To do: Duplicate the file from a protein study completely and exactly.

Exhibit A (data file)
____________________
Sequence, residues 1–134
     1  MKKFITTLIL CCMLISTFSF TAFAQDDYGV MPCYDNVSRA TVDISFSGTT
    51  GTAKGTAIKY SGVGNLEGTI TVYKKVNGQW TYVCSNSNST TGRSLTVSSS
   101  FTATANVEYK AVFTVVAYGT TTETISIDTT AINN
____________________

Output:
Sequence, residues 1–134
     1  MKKFITTLIL CCMLISTFSF TAFAQDDYGV MPCYDNVSRA TVDISFSGTT
    51  GTAKGTAIKY SGVGNLEGTI TVYKKVNGQW TYVCSNSNST TGRSLTVSSS
   101  FTATANVEYK AVFTVVAYGT TTETISIDTT AINN